Dr. Weeks Comment: The 4 most important words for anyone dealing with cancer are…. “Cancer Spreads by Inflammation”. Therefore, stopping inflammation is the primary therapeutic goal of people fighting cancer. Also remember that your main target is not the cancer TUMOR cell but the cancer STEM cell. This is essential because while chemo and radiation kill the cancer TUMOR cells, they actually hurt you by making the dangerous cells, the cancer STEM cells “more numerous and more virulent”. Take your safe and powerful seed drinks for anti-inflammation and detoxification!
Radiation and inflammation.
Semin Radiat Oncol. 2015 Jan;25(1):4-10. doi: 10.1016/j.semradonc.2014.07.007.
The immune system has the power to modulate the expression of radiation-induced normal and tumor tissue damage. On the one hand, it can contribute to cancer cure, and on the other hand, it can influence acute and late radiation side effects, which in many ways resemble acute and chronic inflammatory disease states. The way radiation-induced inflammation feeds into adaptive antigen-specific immune responses adds another dimension to the tumor-host cross talk during radiation therapy and to possible radiation-driven autoimmune responses. Understanding how radiation affects inflammation and immunity is therefore critical if we are to effectively manipulate these forces for benefit in radiation oncology treatments.
Radiation takes its Toll.
Cancer Lett. 2015 Nov 28;368(2):238-45. doi: 10.1016/j.canlet.2015.03.031. Epub 2015 Mar 25.
The ability to recognize and respond to universal molecular patterns on invading microorganisms allows our immune system to stay on high alert, sensing danger to our self-integrity. Our own damaged cells and tissues in pathological situations activate similar warning systems as microbes. In this way, the body is able to mount a response that is appropriate to the danger. Toll-like receptors are at the heart of this pattern recognition system that initiates innate pro-oxidant, pro-inflammatory signaling cascades and ultimately bridges recognition of danger to adaptive immunity. The acute inflammatory lesions that are formed segue into resolution of inflammation, repair and healing or, more dysfunctionally, into chronic inflammation, autoimmunity, excessive tissue damage and carcinogenesis. Redox is at the nexus of this decision making process and is the point at which ionizing radiation initially intercepts to trigger similar responses to self-damage. In this review we discuss our current understanding of how radiation-damaged cells interact with Toll-like receptors and how the immune systems interprets these radiation-induced danger signals in the context of whole-body exposures and during local tumor irradiation.
Radiotherapy-Induced Changes in the Systemic Immune and Inflammation Parameters of Head and Neck Cancer Patients.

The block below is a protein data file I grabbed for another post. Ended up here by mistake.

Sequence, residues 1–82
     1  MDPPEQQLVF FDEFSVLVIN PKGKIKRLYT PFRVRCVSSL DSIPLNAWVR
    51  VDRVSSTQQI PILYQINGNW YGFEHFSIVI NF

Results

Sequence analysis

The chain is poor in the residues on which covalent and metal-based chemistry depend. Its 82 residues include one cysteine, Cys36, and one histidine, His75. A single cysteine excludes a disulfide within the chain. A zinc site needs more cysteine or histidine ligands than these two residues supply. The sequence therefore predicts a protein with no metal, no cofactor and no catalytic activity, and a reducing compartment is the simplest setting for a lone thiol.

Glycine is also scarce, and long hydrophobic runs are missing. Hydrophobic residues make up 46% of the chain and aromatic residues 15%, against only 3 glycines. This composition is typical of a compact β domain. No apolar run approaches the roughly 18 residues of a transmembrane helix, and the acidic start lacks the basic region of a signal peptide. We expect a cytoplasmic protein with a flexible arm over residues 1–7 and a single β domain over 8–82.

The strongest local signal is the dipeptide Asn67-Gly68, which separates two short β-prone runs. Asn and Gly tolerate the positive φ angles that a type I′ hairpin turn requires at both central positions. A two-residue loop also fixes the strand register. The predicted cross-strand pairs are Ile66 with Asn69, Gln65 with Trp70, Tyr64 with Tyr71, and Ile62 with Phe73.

Balázs K1, et al
Cancers (Basel). 2019 Sep 6;11(9). pii: E1324. doi: 10.3390/cancers11091324.
Though radiotherapy is a local therapy, it has systemic effects mainly influencing immune and inflammation processes. This has important consequences in the long-term prognosis and therapy individualization. Our objective was to investigate immune and inflammation-related changes in the peripheral blood of head and neck cancer patients treated with radiotherapy. Peripheral blood cells, plasma and blood cell-derived RNA were isolated from 23 patients before and at two time points after radiotherapy and cellular immune parameters, plasma protein changes and gene expression alterations were studied. Increased regulatory T cells and increased CTLA4 and PD-1 expression on CD4 cells indicated an immune suppression induced by the malignant condition, which was accentuated by radiotherapy. Circulating dendritic cells were strongly elevated before treatment and were not affected by radiotherapy. Decreased endoglin levels in the plasma of patients before treatment were further decreased by radiotherapy. Expression of the FXDR, SESN1, GADD45, DDB2 and MDM2 radiation-response genes were altered in the peripheral blood cells of patients after radiotherapy. All changes were long-lasting, detectable one month after radiotherapy. In conclusion we demonstrated radiotherapy-induced changes in systemic immune parameters of head and neck cancer patients and proposed markers suitable for patient stratification worth investigating in larger patient cohorts.
Radiation-induced fibrosis: mechanisms and implications for therapy.
J Cancer Res Clin Oncol. 2015 Nov;141(11):1985-94. doi: 10.1007/s00432-015-1974-6. Epub 2015 Apr 25.
Radiation-induced fibrosis (RIF) is a long-term side effect of external beam radiation therapy for the treatment of cancer. It results in a multitude of symptoms that significantly impact quality of life. Understanding the mechanisms of RIF-induced changes is essential to developing effective strategies to prevent long-term disability and discomfort following radiation therapy. In this review, we describe the current understanding of the etiology, clinical presentation, pathogenesis, treatment, and directions of future therapy for this condition.
Although RIF is widely prevalent among patients undergoing radiation therapy and significantly impacts quality of life, there is still much to learn about its pathogenesis and mechanisms. Current treatments have stemmed from this understanding, and it is anticipated that further elucidation will be essential for the development of more effective therapies.